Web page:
Anza-Borrego Dune Wildflowers
full print size of 29.6x36.6 inches @304.8ppi, above displayed at 1/178
Copyright © David Senesac 2005 view detailed crop
Anza-Borrego State Park, San Diego County
early Thursday morning February 16, 2005, slide 05-B-23
Wisner 4x5 Expedition, 90mm Caltar, Gitzo G1325 Mk2
Tango Drum scanned Fuji Provia 100F 4x5 film to 300mb RGB file
Adobe Photoshop 6.0 processed for accurate image fidelity
Lightjet5000 printed on Fuji Crystal Archive paper
signature bottom right
Early in February of 2005 reports were coming in of spectacular wildflowers suddenly sprouting up at Anza-Borrego State Park. Considerable early winter rains had broken a long six-year drought over much of the southwest and plants were responding. The park is the largest in the California state park system. It lies within the Sonora Desert due east of the mountain ranges east of San Diego and west of the valley areas about the Salton Sea. I had been trying to make a week long road trip down there from the SF Bay Area but storms had been keeping the weather too active. A very large storm was forecast to slowly move into Southern California. At first I balked at starting the trip but long-term forecasts were for continued unsettled conditions. Waiting any longer chanced missing the peak conditions. Thus I gambled with a plan to drive down just before the storm hit and hopefully catch enough sun and blue skies to get in some photography. It was my first photography road trip of 2005 and the first time to this most southern park ever.
The big storm arrived late Friday afternoon, and then lingered through Saturday. On a partly cloudy Sunday I was able to photography several nice images about 40 miles to the south before clouds moved back in. I drove to the northern Borrego Valley area for the night. On Monday clouds covered the skies so I spent the day exploring various areas for potential images. On a hike of a few miles, I discovered some hidden pristine sand dunes covered by peaking sand verbena. The forecasts were gloomy and I considered giving up and driving back north. However experience told me that stormy weather especially in deserts is likely to surprise one with periods of blue sucker holes. Thus I gambled staying a few more days hoping to get an unexpected break in the constant clouds and showers. And that break occurred three days later on Thursday morning.
At daybreak I quickly gathered gear and hiked out to these sand dunes. Saw only one set of footprints about the area, which was surprising for such a special area in a park, which was crawling with cameras.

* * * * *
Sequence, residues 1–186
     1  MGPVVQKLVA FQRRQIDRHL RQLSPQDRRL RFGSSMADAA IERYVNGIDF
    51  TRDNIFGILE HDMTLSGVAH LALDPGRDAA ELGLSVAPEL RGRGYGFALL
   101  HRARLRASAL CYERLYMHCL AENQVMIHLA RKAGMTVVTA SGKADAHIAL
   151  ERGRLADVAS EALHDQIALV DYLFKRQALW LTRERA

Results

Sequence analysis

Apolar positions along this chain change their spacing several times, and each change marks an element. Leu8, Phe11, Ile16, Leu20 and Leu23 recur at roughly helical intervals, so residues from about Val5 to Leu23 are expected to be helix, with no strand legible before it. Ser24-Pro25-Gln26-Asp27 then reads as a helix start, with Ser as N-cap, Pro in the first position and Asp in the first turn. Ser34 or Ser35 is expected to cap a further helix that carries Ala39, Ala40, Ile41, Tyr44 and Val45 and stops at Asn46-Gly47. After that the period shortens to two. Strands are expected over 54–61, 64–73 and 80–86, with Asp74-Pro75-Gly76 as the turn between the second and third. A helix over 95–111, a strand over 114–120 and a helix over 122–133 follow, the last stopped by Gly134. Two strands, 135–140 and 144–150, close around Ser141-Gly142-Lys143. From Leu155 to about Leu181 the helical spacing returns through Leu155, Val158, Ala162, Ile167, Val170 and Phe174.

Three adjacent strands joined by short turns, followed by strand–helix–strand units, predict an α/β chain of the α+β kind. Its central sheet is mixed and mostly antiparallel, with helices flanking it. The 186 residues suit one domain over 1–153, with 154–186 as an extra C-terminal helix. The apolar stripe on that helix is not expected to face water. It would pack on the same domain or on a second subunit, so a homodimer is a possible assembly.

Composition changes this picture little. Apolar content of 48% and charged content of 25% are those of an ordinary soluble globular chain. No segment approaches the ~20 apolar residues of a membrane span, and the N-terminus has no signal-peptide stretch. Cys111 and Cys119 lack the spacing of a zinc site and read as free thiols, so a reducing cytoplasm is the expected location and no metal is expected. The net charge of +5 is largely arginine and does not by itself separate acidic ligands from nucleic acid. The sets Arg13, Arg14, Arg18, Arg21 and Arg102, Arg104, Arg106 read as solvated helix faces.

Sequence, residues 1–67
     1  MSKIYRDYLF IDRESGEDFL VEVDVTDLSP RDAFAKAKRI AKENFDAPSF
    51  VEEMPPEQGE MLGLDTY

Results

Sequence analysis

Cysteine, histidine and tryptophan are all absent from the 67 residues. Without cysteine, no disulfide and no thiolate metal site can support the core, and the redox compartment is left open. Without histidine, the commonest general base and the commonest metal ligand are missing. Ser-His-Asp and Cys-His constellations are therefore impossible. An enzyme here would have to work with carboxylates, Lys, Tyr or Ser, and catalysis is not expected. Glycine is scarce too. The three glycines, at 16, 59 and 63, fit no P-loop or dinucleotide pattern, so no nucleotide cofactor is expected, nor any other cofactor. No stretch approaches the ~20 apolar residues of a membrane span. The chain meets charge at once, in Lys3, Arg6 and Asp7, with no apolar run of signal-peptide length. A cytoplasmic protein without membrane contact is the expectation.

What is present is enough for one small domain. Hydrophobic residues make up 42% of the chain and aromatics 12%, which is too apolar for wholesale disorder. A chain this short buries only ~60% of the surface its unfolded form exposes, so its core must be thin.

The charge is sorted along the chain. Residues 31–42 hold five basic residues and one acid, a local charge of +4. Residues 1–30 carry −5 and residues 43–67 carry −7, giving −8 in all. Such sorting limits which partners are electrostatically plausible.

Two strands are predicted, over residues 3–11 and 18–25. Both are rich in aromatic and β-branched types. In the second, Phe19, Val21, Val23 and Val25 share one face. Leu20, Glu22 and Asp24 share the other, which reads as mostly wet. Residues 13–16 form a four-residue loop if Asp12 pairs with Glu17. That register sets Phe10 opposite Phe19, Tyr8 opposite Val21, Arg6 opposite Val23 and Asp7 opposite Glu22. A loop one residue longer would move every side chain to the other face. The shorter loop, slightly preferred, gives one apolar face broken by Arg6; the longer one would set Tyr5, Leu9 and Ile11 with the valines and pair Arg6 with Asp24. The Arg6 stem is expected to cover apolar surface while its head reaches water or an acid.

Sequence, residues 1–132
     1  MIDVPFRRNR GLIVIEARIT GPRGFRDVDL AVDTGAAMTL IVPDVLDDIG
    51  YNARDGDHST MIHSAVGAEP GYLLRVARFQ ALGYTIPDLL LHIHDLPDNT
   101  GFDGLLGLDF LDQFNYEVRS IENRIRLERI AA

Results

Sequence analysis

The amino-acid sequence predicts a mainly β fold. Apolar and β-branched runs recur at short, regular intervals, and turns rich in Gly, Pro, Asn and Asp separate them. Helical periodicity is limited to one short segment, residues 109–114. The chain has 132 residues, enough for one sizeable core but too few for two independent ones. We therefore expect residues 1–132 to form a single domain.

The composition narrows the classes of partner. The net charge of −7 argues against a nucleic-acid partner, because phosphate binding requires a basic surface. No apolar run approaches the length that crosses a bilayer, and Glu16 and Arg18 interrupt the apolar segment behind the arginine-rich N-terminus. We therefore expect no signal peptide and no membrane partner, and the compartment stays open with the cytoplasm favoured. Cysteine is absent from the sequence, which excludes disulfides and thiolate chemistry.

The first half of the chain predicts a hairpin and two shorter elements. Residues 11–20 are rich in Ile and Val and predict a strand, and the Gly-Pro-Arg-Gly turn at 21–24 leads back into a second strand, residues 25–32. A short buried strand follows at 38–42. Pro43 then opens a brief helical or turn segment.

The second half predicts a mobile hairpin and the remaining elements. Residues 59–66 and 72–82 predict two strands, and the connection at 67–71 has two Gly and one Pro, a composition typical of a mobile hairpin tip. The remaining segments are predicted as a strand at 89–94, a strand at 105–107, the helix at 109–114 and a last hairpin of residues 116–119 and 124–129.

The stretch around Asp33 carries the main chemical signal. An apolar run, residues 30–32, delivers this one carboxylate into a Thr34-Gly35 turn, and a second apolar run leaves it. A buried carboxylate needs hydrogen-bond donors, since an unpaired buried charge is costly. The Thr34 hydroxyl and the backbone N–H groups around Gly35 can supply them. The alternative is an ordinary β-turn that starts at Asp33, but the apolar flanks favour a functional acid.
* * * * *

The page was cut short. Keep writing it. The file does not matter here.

Just goes to show how few photographers bother to explore much beyond roads. Surveying the dunes very carefully for half an hour, I selected this area to compose the most important image when morning light would be best. During the survey, I was quite careful to walk on the soft sand only in places, which would obviously not be in any frames. And also as a courtesy to anyone else that might come by after me. I moved my tripod back and forth, left and right, up and down, several times before being satisfied on this frame. Instead of putting any of the showy wildflowers up front in the foreground, I decided to let this patch of rain drop dappled, wind wavy sand, star in my foreground. I moved back enough and high enough, given my tall Gitzo, to allow the sand to be surrounded by an aesthetic complement of flowers. Then waited for the sun to clear a band of clouds to the east. Commercial jets were leaving several jet streaks in the sky right in my frame. When the sun poked through the clouds between streaks, I exposed an insurance sheet, but the light was still weak. Soon the jet streaks began to vaporize, sun cleared the blocking clouds, and a fine set of cirrus marched across now deep blue skies in my frame. When the best cloud pattern was optimal I triggered the shutter, taking a single perfect exposure before moving on to take a few other shots.
Magenta hued flowers are sand verbena, abronia villosa, a very common fragrant annual in southwest sandy desert areas during spring. Dune sunflower, helianthus niveus ssp. canescens, are the large yellow hued flowers with brown centers. The large fragrant white hued blooms of dune evening primrose, oenthera deltoides, complete the complement of sand loving species. But the annual most dominant in the park at the time also makes a showing here too. One isolated brown-eyed evening primrose, camissonia claviformis, casts a shadow across the sand just right of mid frame.